Speed Restraint Within a 20mph Zone

To encourage adherence to the designed maximum speed of 20mph, it is necessary to implement one engineering measure drawn from lists (a) or (b) below in each 20mph zone. In many circumstances, it will also be necessary to implement a complementary measure drawn from list (c).

Measures to reduce visibility for the driver are not acceptable by themselves. Rumble strips are also not an adequate speed-restraint measure. Speed-restraint measures should be located at maximum intervals of 60m, starting within 50m of the entry junction or zone. They must be well-lit and must comply with the Highways (Traffic calming) and Highways (Road Hump) regulations. They may take the form of changes in horizontal alignment, changes in vertical alignment or complementary measures.

The visibility of a route can be agreed on a case-by-case basis, with the standard being applied to the geometry of the road.

(a) Changes in Horizontal Alignment


These should be tighter than the minimum specified for each street type, down to a minimum centreline bend radius of 7.5m. The deflection should be greater than 45 degrees with a mountable shoulder to enable larger vehicles to overrun.


The narrowing of the carriageway to 2.7m for a length not exceeding 7m will cause drivers to wait for oncoming traffic to pass. A 500mm mountable shoulder either side will allow service vehicles to negotiate this obstruction. This measure is not appropriate for shared surfaces.


To be effective, the lateral displacement of the running lane must be at least 2m and the length of the displacement no greater than 10m. A reduction of carriageway width to 2m at the entrance and exit of the chicane is acceptable, but a mountable shoulder may be necessary to provide a 3.1m-wide path for service vehicles. This measure is not appropriate for shared surfaces.


An island should result in a lateral displacement of the running lane of at least 2m. The island may be any shape, subject to the minimum dimensions given below. Mountable shoulders may be used to enable the passage of service vehicles, but no vehicle should be able to overrun the centre of the island. This measure is not appropriate for shared surfaces.


(b) Changes in Vertical Alignment


Round-topped humps should be 75mm high and no longer than 3.7m. They are not appropriate for bus routes, shared surfaces or street types A, B or C.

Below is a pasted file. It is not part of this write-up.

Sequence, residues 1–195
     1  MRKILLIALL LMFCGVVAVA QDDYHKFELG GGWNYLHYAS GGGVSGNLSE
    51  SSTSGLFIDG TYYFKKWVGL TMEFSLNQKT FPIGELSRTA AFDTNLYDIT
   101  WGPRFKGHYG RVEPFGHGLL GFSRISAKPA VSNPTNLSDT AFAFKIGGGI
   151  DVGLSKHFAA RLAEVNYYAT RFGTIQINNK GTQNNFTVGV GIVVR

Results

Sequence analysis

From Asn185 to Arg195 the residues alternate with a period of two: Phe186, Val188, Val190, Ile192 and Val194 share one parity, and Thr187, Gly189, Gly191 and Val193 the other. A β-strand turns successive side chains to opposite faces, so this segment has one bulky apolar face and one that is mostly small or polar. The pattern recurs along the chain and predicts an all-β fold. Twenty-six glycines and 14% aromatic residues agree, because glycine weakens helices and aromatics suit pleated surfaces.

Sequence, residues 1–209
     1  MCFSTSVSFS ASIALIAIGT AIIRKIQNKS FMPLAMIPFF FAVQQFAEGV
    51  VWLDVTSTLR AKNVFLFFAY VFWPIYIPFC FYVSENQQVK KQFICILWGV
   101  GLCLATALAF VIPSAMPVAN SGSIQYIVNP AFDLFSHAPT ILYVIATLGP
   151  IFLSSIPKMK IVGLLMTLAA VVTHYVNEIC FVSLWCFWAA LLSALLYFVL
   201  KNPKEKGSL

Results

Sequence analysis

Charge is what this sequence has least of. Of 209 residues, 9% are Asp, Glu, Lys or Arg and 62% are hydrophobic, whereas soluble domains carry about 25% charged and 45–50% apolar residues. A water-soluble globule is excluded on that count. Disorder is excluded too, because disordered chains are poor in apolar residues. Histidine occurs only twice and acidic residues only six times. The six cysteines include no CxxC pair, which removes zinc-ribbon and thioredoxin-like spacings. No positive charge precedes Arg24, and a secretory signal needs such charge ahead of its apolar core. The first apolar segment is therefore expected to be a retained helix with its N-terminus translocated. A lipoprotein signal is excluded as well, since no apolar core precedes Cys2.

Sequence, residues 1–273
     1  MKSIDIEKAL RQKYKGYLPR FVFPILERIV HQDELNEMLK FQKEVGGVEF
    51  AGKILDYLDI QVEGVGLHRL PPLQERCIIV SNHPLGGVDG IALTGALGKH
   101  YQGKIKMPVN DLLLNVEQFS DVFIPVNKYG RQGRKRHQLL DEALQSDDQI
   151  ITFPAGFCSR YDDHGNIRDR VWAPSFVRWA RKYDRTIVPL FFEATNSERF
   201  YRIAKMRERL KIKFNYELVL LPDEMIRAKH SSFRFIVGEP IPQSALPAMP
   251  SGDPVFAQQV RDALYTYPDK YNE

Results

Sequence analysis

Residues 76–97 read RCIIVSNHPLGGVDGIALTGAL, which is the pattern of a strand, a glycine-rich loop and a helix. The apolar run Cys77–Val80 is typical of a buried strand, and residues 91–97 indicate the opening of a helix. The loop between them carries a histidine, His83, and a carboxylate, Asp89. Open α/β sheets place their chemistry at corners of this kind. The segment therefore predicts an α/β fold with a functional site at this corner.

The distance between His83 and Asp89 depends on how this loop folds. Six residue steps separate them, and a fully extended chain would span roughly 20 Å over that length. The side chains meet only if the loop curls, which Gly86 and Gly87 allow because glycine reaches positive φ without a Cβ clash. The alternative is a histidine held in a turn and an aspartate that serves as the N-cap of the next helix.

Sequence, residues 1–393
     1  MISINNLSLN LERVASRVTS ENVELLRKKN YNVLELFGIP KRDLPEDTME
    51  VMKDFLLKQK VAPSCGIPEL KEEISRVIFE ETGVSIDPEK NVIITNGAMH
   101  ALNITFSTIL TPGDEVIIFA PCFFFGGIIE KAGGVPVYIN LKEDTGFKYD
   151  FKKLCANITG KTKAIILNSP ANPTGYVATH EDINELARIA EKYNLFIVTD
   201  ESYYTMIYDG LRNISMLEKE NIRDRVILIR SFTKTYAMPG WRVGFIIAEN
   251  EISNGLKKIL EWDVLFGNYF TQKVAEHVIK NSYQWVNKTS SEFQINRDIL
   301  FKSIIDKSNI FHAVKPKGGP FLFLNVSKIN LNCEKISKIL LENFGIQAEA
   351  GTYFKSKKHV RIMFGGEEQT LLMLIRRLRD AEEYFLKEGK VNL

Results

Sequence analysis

On street types C and D, which are likely to be used by buses and emergency services, speed cushions should be used instead of humps. They are designed to allow the wheels of buses and wide-wheelbase vehicles to pass either side of the raised area while cars still have to negotiate the hump. They should be constructed in pairs.


Single or successive ramps 75mm in height are appropriate within or at the entrances to shared-surface areas.

Speed Tables

A plateau may be created by ramps rising 75mm at a rise of 1-in-12. Unless there is a junction, such a plateau should be no longer than 7m – but where it is to be used by public transport vehicles, it should be 12m in length with a rise of 1-in-15. Tactile surfaces should demarcate the border between carriageway and footway for the benefit of the visually impaired. This may be a good way of slowing traffic for a footpath crossing.

Table Junction

A junction may be treated as a plateau approached by ramps as described in the Speed Tables section of this guide. Tactile surfaces should demarcate the boundary between carriageway and footway.

(c) Complementary Measures


Buildings may form an end-stop to a straight stretch of street, or be angled indicating a change of direction. They may also form a gateway through which the street passes. Used in conjunction with other speed restraints, they can induce drivers to reduce speed and take extra care.

Page updated: 15/02/2018

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